Bellbird ballads

Wesley Webb is exploring how culture evolves by studying male and female songs in a virtuosic New Zealand songbird.

Illustration by Leigh Douglas

Illustration by Leigh Douglas

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Ethograms is a monthly column published in collaboration with the Australasian Society for the Study of Animal Behaviour (ASSAB), showcasing the work of early-career researchers. Dominique Potvin is a lecturer at the University of the Sunshine Coast, and an outreach officer for ASSAB.

At dawn on Tawhiti Rahi, an island northeast of Whangarei, New Zealand, the New Zealand bellbirds are singing their chorus in full force. Among the cacophony stands Wesley Webb, a PhD student at Massey University, armed with a microphone, a recorder and binoculars. Webb and his accompanying team of recordists aren’t here just to enjoy the sounds of nature — they’re here to document them. The microphones are amassing data that will form part of an incredible collection of bellbird sounds across 12 islands and peninsulas. The plan for this data is to inform our understanding of how culture evolves: the selective pressures, rate of change, and role of genetics in why populations of the same species can sound so different from each other.

Akin to genetic evolution, cultural evolution involves the flow of memes (no, not those memes—units of information) between individuals and populations. In true songbirds, songs and song syllables are examples of memes that are passed from one individual to another, leading to their spread throughout the population.

Events and processes such as colonisation, copying errors, selection and innovation can all play a part in how songs change over time, both between populations and locations. Webb likens this to the diversification of human languages, where the spread of culture over large geographic areas leads to changes in the syllable pool (something Kiwis are not strangers to), eventually causing individual populations to sound different.

Wesley Webb, hard at work studying New Zealand bellbirds. © Wesley Webb

Wesley Webb, hard at work studying New Zealand bellbirds.© Wesley Webb


Especially intriguing is the divergence of female song. It was long thought that males were the only singers in songbird species, so most of the work on cultural evolution has focussed on males. But research from the Southern Hemisphere has shown this is not necessarily the case. “Virtually nothing is known about how female birdsong culturally evolves,” says Webb, “so it will be fascinating to see whether the pattern and drivers of song diversification are different between the sexes in my species.”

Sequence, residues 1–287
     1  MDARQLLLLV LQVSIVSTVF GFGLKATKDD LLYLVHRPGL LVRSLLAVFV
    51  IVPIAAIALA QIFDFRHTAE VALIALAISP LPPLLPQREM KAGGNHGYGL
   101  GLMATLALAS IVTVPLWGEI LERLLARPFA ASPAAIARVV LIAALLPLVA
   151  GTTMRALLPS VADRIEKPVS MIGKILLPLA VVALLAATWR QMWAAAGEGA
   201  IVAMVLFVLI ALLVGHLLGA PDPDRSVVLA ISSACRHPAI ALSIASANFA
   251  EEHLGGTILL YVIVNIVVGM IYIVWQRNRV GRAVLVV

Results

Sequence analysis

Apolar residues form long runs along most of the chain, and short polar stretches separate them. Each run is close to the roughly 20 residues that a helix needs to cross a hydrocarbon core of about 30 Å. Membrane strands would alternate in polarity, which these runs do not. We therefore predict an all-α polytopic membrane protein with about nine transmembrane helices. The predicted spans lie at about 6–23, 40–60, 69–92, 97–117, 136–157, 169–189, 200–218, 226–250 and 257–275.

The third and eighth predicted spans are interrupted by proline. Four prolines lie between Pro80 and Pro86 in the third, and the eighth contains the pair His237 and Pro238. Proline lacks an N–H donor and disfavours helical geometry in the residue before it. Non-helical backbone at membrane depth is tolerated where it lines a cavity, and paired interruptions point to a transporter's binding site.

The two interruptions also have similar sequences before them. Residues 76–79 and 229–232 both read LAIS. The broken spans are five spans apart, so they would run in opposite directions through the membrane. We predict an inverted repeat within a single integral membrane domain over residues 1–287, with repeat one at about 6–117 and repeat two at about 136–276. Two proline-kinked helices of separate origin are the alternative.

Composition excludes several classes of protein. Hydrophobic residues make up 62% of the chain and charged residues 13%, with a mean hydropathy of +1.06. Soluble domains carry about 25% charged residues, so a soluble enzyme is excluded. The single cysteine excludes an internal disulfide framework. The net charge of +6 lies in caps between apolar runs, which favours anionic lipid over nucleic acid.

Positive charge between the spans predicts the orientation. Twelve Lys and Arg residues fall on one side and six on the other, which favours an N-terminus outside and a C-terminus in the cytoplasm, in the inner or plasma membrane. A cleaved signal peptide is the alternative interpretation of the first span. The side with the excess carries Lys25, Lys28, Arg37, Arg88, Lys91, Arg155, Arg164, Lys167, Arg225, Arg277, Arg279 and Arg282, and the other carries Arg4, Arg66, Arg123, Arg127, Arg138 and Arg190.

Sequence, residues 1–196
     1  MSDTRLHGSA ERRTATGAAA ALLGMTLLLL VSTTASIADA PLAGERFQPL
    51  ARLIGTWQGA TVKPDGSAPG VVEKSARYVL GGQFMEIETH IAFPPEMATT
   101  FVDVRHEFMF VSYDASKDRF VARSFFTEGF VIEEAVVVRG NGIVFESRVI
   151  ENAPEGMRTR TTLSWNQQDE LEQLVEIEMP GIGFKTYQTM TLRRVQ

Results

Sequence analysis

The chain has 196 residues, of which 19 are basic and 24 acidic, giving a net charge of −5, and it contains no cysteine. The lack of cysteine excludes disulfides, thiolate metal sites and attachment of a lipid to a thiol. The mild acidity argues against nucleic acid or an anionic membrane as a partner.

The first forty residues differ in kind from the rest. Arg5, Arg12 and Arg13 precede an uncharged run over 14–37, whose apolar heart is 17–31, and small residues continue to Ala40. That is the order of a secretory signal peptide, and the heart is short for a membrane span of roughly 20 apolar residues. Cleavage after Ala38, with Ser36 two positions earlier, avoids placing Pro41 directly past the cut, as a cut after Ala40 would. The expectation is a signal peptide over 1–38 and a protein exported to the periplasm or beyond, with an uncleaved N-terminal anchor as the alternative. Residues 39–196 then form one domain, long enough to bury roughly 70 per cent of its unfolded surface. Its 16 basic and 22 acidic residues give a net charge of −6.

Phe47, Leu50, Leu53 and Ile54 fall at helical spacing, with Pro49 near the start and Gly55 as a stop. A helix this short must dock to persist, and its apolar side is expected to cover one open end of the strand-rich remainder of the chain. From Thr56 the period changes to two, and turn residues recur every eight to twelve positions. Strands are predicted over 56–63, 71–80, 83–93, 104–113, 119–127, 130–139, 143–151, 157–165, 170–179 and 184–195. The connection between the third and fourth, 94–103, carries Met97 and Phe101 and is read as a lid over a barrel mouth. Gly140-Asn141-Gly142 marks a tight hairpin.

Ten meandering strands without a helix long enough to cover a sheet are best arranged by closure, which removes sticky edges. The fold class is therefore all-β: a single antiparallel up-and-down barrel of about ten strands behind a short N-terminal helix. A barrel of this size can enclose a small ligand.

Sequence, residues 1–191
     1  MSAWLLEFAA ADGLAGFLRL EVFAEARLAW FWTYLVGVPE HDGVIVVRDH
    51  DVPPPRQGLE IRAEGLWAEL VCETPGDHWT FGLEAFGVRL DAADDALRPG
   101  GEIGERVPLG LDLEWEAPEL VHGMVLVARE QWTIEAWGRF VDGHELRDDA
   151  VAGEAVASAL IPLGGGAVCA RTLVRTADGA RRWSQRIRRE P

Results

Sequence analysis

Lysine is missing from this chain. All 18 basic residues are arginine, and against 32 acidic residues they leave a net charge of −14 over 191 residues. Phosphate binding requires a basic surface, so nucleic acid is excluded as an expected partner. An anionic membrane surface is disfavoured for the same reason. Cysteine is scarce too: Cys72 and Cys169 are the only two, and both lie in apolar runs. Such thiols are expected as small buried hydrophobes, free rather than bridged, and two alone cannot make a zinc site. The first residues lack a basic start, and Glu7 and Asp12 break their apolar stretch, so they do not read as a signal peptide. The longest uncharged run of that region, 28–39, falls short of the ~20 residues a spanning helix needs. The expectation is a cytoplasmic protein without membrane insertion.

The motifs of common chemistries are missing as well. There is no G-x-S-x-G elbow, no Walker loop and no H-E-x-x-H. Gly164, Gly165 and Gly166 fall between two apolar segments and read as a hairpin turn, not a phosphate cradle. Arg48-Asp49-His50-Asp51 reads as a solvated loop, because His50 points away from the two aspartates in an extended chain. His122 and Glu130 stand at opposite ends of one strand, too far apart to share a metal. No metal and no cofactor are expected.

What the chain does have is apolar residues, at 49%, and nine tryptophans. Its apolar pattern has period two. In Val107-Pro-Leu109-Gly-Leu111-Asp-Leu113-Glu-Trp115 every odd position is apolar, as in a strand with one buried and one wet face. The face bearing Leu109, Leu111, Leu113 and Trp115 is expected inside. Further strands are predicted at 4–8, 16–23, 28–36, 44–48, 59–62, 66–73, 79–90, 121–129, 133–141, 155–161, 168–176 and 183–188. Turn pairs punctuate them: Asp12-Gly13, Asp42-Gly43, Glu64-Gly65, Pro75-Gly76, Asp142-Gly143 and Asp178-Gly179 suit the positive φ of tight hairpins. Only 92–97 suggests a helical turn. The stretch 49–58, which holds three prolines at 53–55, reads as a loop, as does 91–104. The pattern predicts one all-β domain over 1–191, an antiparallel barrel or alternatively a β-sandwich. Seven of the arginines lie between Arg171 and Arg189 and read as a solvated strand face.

So how does one use a collection of song recordings from all over northeastern New Zealand to answer this kind of question? Careful classification and comparison. But this process is possibly the biggest challenge Webb faces. “For each population, we record thousands of song syllables which need to be extracted, measured, categorised and databased,” he says. Unfortunately, most of this work must be done manually. Identifying the need for more automated approaches has led Webb to work with computer programmers and statisticians to create tools to help future research in this area.

A female (left) and male New Zealand bellbird  (Anthornis melanura) .  © Aaron Harmer; © Michelle Roper

A female (left) and male New Zealand bellbird (Anthornis melanura)© Aaron Harmer; © Michelle Roper


At the time of writing, results are slowly trickling in. To Webb, the differences in each population’s songs are striking. “Each island has its own distinctive set of syllables and ways of stringing them together to form songs,” he says. “For example, on Burgess Island, ‘Happy Birthday to You’ is top of the bellbird pop charts; on Hauturu, [chiming like] Big Ben is all the rage.” On Tawharanui Peninsula, bellbirds sing a unique ‘flying saucer’ syllable, so named by Webb because of its science-fiction sounding tone.


Understanding the differences in population culture is extremely important for getting at population divergence and evolution as a whole. Culture can evolve and spread through a population much more rapidly than genetic mutations or adaptations, meaning it can often act as a precursor or indicator of genetic divergence — an initial step towards speciation. “So it’s important to understand how it works. Birdsong is a great tool for the job!” says Webb. 

The next steps in this project will be to include historical recordings, so that populations can be compared not only through space but also through time. Before this can happen, however, long hours in the computer laboratory must be spent classifying, categorising and then analysing different birdsong repertoires.

Tawhiti Rahi, the larger of the two Poor Knights Islands, off New Zealand's North Island.  © Aaron Harmer 

Tawhiti Rahi, the larger of the two Poor Knights Islands, off New Zealand's North Island. © Aaron Harmer 

It may seem a long way from recording birdsong in the field, but, as with most scientific endeavours, the processes of data collection and data analysis each have their pros and cons. Webb enjoys the many adventures that come with fieldwork, complete with excitable tuataras, rough seas and aggressive seabirds. The lab appears calm by comparison, but the analyses undertaken within build a different kind of excitement — for results.

“Do song differences between populations have genetic underpinnings, or are they purely cultural?” asks Webb. “What ecological and social selective pressures drive song diversity? How rapidly can song syllables and syntax change in a population?” The answers to such grand evolutionary questions have been sung by the bellbirds at full volume for centuries. We just needed to listen.  

Edited by Andrew Katsis and Sara Paradowski